"Tomorrow afternoon I plan to check in with my business partner at some point. It's Wendy's weekend to cover the booth that we share, and I want to see how things are going. Sales on my pottery have been falling, and I'm not sure why. If that trend continues, we both might need to start working every weekend again so we can cover more events."

Abby frowned. "I thought you cut back on your appearances at the fairs to concentrate on the classes you've been teaching and because it would give you more time at the wheel."

Her friend looked pretty frustrated. "That was the plan, and it worked pretty well when we first started doing it. I don't know what's changed, which is why I need to talk to Wendy."

Dayna drew a deep breath and let it out. "Sorry, I didn't mean to unload on the two of you. We're supposed to be having a good time, not whining about my problems. Are you shopping for anything in particular, Abby?"

"I might do some early browsing for Christmas presents."

"If you think of something specific, I can probably aim you in the right direction. I know a lot of the various vendors, not just the ones who do pottery."

"Thanks, I appreciate it. To keep on schedule, we can spend about three hours checking the place out. I would also suggest we grab lunch before heading on to the next stop."

Bridey lit up. "Just as long as we save time for dessert. I might regret it when I have to weigh in at my next doctor visit, but I plan to have an elephant ear with my lunch. I've been craving one ever since Abby invited me on this expedition."

Dayna laughed. "What's not to love about fried dough covered in cinnamon and sugar? How about you, Abby? What's your guilty pleasure?"

Drawing a deep breath, Abby let it out with a big smile on her face. "The sugary perfection known as the funnel cake. I probably shouldn't, but I won't be able to resist."

Bridey wasn't having it. "Hey, no guilt allowed. This should be a weekend where we can indulge ourselves. It's not like any of us do this sort of thing all the time."

Abby met Bridey's gaze in the rearview mirror again and grinned. "It's a deal. I'll take care of business as soon as we get there. After that, nothing but fun with no guilt."

With that settled, she drove the last few miles to the fair.


At their first destination, Abby and Bridey wandered past the booths together while Dayna stopped to visit with some artist friends. Bridey quickly found the perfect lamp for the baby's room while Abby picked up some small gifts for her mother and the ladies from the quilting guild. She also wanted to get something for Tripp, her tenant and almost boyfriend. After passing by several booths, she stopped to study some custom-made knives in a glass-fronted display case. While she admired the craftsmanship, she finally decided they just weren't what she was looking for. Hoping she'd have better luck at one of the other fairs, she hustled to catch up with Bridey, who was just paying for several little outfits at a nearby booth.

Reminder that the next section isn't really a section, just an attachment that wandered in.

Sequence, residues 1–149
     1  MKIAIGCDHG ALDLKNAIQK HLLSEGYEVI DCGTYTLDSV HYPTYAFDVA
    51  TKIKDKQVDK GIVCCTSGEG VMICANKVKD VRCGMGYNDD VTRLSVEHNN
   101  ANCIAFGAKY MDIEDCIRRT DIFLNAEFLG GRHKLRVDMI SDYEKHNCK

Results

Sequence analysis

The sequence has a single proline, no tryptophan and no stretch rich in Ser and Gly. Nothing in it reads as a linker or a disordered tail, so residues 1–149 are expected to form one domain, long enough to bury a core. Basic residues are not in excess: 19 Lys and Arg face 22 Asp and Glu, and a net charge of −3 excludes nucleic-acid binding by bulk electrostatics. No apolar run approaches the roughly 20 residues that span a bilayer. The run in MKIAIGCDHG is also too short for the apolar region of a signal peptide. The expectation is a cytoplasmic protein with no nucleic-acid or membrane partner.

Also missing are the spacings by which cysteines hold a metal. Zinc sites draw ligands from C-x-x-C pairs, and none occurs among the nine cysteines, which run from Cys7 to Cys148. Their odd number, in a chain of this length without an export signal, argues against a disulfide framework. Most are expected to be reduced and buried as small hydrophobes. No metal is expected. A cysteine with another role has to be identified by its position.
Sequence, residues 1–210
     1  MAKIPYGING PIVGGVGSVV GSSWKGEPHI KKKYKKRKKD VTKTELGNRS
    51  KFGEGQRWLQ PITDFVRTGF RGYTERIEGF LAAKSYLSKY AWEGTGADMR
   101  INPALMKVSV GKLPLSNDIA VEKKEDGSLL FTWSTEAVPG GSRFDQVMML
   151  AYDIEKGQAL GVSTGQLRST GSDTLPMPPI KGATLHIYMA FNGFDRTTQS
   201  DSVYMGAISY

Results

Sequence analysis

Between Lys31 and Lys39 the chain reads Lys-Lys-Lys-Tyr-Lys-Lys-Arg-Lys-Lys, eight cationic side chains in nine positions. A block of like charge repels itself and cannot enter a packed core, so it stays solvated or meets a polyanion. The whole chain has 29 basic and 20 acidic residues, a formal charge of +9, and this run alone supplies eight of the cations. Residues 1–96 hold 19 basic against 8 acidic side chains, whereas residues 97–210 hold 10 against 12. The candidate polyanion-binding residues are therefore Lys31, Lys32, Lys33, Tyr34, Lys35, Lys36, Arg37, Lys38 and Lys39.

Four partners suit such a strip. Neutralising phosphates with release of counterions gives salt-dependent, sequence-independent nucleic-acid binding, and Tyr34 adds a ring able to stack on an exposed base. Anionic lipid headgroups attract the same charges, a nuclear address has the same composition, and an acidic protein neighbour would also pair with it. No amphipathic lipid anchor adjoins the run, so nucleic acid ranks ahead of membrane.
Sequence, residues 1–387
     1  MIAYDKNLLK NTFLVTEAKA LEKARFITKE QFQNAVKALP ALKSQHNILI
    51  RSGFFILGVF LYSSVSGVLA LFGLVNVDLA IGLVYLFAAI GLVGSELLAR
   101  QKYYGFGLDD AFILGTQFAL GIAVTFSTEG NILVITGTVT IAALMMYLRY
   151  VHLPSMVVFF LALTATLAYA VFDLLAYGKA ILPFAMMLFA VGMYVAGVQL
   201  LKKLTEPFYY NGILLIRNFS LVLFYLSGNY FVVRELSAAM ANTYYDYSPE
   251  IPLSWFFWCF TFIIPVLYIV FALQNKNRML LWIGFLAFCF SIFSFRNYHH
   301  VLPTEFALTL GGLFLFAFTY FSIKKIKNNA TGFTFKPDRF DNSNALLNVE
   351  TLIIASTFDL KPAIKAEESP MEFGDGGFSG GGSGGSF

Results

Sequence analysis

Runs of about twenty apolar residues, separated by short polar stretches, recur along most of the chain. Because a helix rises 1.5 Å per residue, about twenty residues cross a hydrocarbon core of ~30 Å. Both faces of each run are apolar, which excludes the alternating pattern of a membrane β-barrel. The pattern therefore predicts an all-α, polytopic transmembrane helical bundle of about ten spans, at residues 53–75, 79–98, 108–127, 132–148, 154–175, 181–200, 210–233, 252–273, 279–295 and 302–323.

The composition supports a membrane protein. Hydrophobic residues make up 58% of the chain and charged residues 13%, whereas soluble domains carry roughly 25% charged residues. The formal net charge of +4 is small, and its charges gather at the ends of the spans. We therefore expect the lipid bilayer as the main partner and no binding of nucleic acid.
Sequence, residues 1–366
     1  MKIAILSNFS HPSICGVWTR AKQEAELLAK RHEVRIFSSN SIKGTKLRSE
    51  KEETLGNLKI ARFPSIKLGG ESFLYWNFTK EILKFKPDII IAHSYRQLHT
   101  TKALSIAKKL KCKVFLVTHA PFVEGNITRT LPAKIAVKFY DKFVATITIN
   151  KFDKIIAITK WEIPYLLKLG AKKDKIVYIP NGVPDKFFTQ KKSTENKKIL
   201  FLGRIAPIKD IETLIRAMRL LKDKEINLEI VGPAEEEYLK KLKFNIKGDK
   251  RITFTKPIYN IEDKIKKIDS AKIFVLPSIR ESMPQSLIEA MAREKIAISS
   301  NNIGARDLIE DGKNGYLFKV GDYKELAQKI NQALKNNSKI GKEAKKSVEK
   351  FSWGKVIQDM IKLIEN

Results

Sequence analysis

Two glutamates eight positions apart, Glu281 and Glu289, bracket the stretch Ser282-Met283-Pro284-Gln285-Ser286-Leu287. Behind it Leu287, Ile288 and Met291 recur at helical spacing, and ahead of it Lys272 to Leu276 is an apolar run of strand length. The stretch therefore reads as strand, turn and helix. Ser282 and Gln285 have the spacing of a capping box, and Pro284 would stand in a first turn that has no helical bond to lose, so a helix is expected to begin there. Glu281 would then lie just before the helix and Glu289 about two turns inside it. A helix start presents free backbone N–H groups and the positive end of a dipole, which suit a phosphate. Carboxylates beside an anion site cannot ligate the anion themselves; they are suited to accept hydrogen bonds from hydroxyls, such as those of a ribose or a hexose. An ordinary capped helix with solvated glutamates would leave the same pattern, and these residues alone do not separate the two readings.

While the clerk bagged the baby clothes, Bridey sighed. "I don't know about you, but I think I'd better take a break if I'm going to last through the show tonight."

Abby held out her hands. "Why don't I take your bags and stash them in the car? While I do that, you can go stake out a table in the food court and rest. I have two more people to touch base with, and then we can have lunch. I'll text Dayna to let her know the plan."

"Sounds good. I'll get a cold drink and wait for you two to catch up."

The trip to the car and back didn't take long. When she returned to the fair, Abby studied the map that laid out where all the various vendors were located. Luckily, the two she still needed to speak to were located near each other. When she reached the first one, she browsed the artwork on display while the woman seated behind the table in the back finished ringing up the only customer in the tent.